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  1. #101
    Join Date
    Mar. 11, 1999
    Location
    Clayton, CA USA
    Posts
    5,230

    Default

    Quote Originally Posted by Kate66
    des, if you can start her and place her she might be better with you. Do you have any idea how much it would cost to get any of these horses over to Houston, TX? Are there any groups like this in TX that I could monitor also that you know of.
    Kate, if you are in the mood to rescue and looking more locally to you, are you familiar with LOPE? http://www.lopetx.org/cwhatis.htm I have drooled over quite a few horses listed by them.
    Mystic Owl Sporthorses
    www.mysticowlsporthorses.com



  2. #102
    Join Date
    Aug. 11, 2003
    Posts
    3,589

    Default

    Hi Clint, yes, I've looked at LOPE before but always felt it was more of a sales board (with sales prices) than horses that were in imminent danger.



  3. #103
    Join Date
    Feb. 22, 2000
    Location
    passepartout
    Posts
    10,462

    Default Don't forget this guy...

    There's not many details on this youngish gelding but he is at risk. He reminds me very much of my old Prelim packer and looks like a good project.

    http://cberheadqrters.proboards103.c...ead=1147803458



  4. #104
    Join Date
    Feb. 10, 2006
    Location
    Middle of Nowhere, take a right, FL
    Posts
    4,472

    Default

    Not picking on LOPE because I find this at a lot of the TB boards. The prices are often pretty pricey (for what you are getting, unknown quantities with possible/probable soundness issues) and they will keep them at that price or lower them a TINY bit then suddenly some of them (not all I know) decide enough is enough and ship the horse to a kill auction for $500. If they had listed the horse at something between the body price and their $1,500 and up to $5,000 I've seen the horse would be sold long before!
    Every mighty oak was once a nut that stood its ground.

    Proud Closet Canterer! Member Riders with Fibromyalgia clique.



  5. #105
    Join Date
    Feb. 10, 2006
    Location
    Middle of Nowhere, take a right, FL
    Posts
    4,472

    Default

    There are quite a few horse rescues in Texas. And many of them pull from kill auctions. Do a google search and I think you will be overwhelmed with the number to visit.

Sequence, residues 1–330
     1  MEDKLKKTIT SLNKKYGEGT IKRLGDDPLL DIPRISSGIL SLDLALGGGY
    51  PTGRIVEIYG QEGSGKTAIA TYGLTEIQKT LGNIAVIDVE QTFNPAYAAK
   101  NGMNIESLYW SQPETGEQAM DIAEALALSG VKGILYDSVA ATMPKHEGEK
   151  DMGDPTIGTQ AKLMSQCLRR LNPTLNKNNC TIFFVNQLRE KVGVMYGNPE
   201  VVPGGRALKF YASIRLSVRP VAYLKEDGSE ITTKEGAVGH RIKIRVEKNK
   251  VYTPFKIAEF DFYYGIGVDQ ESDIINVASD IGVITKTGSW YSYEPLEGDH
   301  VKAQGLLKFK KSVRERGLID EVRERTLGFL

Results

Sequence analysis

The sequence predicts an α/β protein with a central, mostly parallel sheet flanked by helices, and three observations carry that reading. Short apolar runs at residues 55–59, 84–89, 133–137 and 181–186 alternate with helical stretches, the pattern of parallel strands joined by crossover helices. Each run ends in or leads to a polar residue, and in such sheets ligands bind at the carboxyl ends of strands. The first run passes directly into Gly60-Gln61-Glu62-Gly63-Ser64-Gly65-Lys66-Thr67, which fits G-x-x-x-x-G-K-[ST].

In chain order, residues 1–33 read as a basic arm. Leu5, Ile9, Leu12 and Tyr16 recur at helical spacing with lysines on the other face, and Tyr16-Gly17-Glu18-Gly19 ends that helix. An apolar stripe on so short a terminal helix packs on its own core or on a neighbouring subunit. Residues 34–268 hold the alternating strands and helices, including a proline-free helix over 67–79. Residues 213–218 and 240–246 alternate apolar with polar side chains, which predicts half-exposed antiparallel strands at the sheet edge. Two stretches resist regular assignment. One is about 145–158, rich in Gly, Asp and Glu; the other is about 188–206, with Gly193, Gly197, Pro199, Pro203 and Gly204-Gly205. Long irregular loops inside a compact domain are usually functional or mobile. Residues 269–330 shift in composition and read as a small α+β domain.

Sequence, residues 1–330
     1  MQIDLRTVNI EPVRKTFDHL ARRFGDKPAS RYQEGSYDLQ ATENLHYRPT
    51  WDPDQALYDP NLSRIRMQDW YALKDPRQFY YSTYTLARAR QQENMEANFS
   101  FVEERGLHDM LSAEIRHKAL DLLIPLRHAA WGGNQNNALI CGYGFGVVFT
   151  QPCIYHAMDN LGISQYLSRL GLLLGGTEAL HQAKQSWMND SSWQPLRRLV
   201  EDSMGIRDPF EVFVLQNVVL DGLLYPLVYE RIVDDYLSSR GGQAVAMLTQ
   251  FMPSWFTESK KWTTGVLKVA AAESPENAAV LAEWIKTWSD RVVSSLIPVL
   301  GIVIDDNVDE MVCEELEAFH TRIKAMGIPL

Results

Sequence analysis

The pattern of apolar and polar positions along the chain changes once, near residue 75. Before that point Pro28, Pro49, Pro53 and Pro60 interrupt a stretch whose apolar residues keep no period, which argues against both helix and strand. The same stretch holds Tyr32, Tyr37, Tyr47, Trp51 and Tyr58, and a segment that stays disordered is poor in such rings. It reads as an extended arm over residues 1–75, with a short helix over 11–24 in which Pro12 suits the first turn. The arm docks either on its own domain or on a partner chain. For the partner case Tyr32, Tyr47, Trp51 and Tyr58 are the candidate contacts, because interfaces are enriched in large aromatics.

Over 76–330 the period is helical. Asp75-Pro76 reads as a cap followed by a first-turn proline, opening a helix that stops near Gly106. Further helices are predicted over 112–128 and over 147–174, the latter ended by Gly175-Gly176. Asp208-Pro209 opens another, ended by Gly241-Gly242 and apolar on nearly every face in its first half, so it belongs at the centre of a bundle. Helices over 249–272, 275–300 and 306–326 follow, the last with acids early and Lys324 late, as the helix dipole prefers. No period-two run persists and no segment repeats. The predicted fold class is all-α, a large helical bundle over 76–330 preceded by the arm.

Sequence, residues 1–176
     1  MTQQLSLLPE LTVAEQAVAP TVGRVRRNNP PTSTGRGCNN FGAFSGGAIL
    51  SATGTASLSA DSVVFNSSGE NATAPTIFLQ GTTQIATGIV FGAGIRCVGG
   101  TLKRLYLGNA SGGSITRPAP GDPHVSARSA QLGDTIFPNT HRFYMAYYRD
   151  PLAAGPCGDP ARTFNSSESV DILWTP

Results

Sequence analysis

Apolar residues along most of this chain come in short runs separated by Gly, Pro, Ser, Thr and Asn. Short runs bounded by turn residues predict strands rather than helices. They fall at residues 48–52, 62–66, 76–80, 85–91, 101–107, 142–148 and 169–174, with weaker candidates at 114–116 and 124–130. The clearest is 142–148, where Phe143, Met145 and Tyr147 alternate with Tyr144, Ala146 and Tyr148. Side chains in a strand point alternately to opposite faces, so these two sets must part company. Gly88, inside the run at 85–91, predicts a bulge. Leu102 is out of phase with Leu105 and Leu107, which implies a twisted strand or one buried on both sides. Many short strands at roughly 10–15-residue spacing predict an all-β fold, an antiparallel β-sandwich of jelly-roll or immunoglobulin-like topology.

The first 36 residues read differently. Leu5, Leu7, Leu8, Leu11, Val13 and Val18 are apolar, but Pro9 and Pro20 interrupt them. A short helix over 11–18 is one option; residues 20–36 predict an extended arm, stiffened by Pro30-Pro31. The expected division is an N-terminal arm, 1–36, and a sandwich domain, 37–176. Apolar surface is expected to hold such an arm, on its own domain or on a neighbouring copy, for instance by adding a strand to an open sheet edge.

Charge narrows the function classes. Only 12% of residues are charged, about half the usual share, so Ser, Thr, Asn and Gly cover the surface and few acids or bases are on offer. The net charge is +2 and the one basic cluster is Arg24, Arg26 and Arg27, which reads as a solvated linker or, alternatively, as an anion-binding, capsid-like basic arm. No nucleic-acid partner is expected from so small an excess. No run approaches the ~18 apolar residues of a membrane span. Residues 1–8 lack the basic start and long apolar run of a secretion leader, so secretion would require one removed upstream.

Every mighty oak was once a nut that stood its ground.

    Proud Closet Canterer! Member Riders with Fibromyalgia clique.



  6. #106
    Join Date
    Nov. 15, 2005
    Location
    NY
    Posts
    8,160

    Default

    "The prices are often pretty pricey (for what you are getting, unknown quantities with possible/probable soundness issues)"

    Excellent point. One I think can be said for many "rescues" as well.



  7. #107

    Default

    Quote Originally Posted by summerhorse
    Not picking on LOPE because I find this at a lot of the TB boards. The prices are often pretty pricey (for what you are getting, unknown quantities with possible/probable soundness issues) and they will keep them at that price or lower them a TINY bit then suddenly some of them (not all I know) decide enough is enough and ship the horse to a kill auction for $500. If they had listed the horse at something between the body price and their $1,500 and up to $5,000 I've seen the horse would be sold long before!
    Believe me, summerhorse...this is something that drives all of the CANTER volunteers (and I'm sure the LOPE volunteers as well) crazy. We see it happen all the time, but the trainers, NOT CANTER/LOPE, are the ones who set the prices on every trainer-listed horse you see on the CANTER and LOPE web sites. And sometimes no amount of reasoning in the world will make a trainer lower the price on a horse...until that fateful day the trainer decides "to hell with it" and sends the horse off to the auction or with the dealer.

    On the bright side, I think the longer programs like CANTER and LOPE are in existence, the more trainers - even the most hardheaded ones - are beginning to realize that if they're smart and realistic about selling a horse, they can find that horse a good home AND earn themselves money in the process.



  8. #108